Source: Patek Philippe

Patek Philippe Goes ‘Simple’ With a $2.3 Million Wristwatch

The Grandmaster Chime ref. 6300 comes off chill and wearable, despite its 20 complications. (It's all about context.)

To celebrate its 175th anniversary in 2014, Patek Philippe made much ado about its newest novelty, the world's most complicated wristwatch. The Grandmaster Chime ref. 5175 had 20 complications, from a minute repeater to grand and petite sonneries to an instantaneous perpetual calendar. It was made in 18k rose gold and could be reversed depending on which complications you want to look at. 

It was also a little bit ... busy.

The Grandmaster Chime ref.  5175.
The Grandmaster Chime ref. 5175.
Source: Patek Philippe

The complications aside, the rose gold case was hand-filligreed to within an inch of its life. So was the crown and even the lugs. If you were lucky enough to be one of the six people given the privilege to spend $2.6 million on the watch (which is a whopping 16.1mm high), no one was going to miss this on your wrist. It was glamorous, it was a spectacular mechanical achievement, and it was statement making. But it was not subtle.

This year at Baselworld, Patek debuted an update to the watch, which will be made more widely available. The Patek Philippe Grandmaster Chime ref. 6300 will be the most complicated wristwatch in continuing production, featuring the same 20 complications as the anniversary edition. It will be made in 18k white gold, with one face in ebony opaline and the other in white opaline, and will also swivel depending on which complications you need to use.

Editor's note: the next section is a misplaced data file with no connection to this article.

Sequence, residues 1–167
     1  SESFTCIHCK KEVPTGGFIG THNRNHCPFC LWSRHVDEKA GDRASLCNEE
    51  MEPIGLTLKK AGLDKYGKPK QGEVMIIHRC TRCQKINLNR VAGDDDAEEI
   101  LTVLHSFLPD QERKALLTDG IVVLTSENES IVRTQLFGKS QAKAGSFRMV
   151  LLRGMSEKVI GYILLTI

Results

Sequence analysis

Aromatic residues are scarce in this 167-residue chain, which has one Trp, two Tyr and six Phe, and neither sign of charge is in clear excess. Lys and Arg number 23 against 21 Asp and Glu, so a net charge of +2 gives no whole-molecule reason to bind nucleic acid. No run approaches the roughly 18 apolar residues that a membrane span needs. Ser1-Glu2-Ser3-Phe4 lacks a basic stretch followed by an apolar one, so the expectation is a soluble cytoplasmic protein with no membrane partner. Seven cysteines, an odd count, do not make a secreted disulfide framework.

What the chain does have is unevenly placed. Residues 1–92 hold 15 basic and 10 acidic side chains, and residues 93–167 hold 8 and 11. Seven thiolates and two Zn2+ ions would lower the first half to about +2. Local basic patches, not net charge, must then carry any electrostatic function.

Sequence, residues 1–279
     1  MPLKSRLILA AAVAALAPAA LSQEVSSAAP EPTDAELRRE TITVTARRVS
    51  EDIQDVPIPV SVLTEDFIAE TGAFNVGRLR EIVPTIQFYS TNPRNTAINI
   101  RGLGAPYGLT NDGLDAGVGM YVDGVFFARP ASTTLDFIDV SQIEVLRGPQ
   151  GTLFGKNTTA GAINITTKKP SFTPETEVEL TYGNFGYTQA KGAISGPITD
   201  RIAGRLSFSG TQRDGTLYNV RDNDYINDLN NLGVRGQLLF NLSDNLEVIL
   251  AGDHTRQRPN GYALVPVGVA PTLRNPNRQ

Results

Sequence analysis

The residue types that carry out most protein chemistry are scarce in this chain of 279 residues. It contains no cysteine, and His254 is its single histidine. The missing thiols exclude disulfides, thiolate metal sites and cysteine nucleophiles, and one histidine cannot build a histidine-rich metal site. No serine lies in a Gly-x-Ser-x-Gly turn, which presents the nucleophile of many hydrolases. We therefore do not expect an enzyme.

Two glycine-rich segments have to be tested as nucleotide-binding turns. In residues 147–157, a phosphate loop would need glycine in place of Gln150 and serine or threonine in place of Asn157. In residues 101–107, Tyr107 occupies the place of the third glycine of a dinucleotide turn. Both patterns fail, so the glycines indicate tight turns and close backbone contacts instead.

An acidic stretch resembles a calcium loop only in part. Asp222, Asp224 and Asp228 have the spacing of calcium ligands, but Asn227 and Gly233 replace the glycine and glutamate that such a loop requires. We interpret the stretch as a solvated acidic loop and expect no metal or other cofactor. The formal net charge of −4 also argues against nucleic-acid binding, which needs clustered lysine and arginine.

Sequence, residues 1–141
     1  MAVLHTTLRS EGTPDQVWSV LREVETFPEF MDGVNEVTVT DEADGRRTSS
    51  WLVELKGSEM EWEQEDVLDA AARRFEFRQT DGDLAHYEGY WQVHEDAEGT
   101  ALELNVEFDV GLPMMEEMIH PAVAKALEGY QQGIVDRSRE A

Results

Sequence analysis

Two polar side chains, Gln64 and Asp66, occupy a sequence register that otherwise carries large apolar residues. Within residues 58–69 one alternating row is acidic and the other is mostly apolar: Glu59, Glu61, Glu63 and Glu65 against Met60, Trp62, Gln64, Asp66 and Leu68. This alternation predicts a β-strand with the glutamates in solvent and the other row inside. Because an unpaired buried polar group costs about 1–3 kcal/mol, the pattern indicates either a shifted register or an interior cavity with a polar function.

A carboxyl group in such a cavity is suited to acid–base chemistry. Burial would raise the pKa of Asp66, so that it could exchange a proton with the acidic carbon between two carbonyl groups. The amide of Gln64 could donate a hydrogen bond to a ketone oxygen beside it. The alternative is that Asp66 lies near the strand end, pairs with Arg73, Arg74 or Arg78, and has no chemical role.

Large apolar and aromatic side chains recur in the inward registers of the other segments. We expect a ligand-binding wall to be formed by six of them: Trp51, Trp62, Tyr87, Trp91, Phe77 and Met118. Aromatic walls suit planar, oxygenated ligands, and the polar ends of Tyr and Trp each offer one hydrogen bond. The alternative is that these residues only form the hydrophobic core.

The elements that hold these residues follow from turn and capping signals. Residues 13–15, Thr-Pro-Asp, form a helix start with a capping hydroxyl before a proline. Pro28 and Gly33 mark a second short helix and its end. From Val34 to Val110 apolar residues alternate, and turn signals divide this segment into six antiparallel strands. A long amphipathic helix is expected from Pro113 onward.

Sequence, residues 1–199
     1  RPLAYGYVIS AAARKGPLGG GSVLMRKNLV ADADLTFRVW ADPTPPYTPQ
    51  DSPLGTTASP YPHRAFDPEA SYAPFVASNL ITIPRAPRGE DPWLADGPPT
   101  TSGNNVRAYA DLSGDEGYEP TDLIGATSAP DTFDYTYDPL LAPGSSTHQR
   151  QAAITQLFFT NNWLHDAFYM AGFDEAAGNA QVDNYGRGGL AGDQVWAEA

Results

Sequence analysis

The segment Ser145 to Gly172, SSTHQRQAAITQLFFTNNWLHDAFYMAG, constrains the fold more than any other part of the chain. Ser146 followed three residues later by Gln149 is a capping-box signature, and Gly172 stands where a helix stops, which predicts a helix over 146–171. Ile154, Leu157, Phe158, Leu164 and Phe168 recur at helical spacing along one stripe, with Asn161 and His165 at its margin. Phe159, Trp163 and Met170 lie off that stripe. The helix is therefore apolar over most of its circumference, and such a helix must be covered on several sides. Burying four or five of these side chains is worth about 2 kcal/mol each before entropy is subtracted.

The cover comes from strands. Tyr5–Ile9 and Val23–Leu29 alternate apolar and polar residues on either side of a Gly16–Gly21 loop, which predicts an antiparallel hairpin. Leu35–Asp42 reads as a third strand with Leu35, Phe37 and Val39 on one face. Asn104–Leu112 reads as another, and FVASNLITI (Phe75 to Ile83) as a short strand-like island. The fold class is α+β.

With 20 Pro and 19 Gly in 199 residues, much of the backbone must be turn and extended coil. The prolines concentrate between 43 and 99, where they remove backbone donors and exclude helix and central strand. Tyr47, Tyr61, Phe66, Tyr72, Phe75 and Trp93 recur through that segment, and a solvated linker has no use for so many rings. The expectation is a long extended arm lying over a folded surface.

It is also a little more chill. 


The Patek Philippe Grandmaster Chime ref. 6300.
The Patek Philippe Grandmaster Chime ref. 6300.
Source: Patek Philippe


This watch still wears big on the wrist, at 16.1mm in depth from crystal to crystal. The diameter is 47.4mm. No one is going to miss it. But the white gold and the understated case change the entire character of the watch. It doesn't need to shout for attention—it just needs to be worn. It's simple; basic, almost.

The mechanics are still incredibly complex (complications listed at the bottom of this post), with a 72-hour power reserve on the manual movement, three gongs, five different time strikes, and 108 jewels. The finishing inside is incredible.


Three views of the Patek Philippe Grandmaster Chime ref. 6300’s movement, which Patek calls the Caliber GS AL 36-750 QIS FUS IRM.

Three views of the Patek Philippe Grandmaster Chime ref. 6300’s movement, which Patek calls the Caliber GS AL 36-750 QIS FUS IRM.

Source: Patek Philippe


The watch will not be made in limited edition, but the complexity of the movement will mean Patek will produce very few every year. It will retail for 2.2 million Swiss francs, which would be converted into USD based on exchange rate at time of sale. (Right now that's about $2.3 million.)

Here's that list of complications.

  1. Grande Sonnerie
  2. Petite Sonnerie
  3. Minute repeater
  4. Strikework mode display (Silence/Grand Sonnerie/Petite Sonnerie)
  5. Alarm with time strike
  6. Date repeater
  7. Movement power-reserve indicator
  8. Strikework power-reserve indicator
  9. Strikework isolator display
  10. Second time zone
  11. Second time zone day/night indicator
  12. Instantaneous perpetual calendar
  13. Day-of-week display
  14. Month display
  15. Date display (on both dials)
  16. Leap year cycle
  17. Four-digit year display
  18. 24-hour and minute subdial
  19. Moon phase
  20. Crown position indicator
    Before it's here, it's on the Bloomberg Terminal.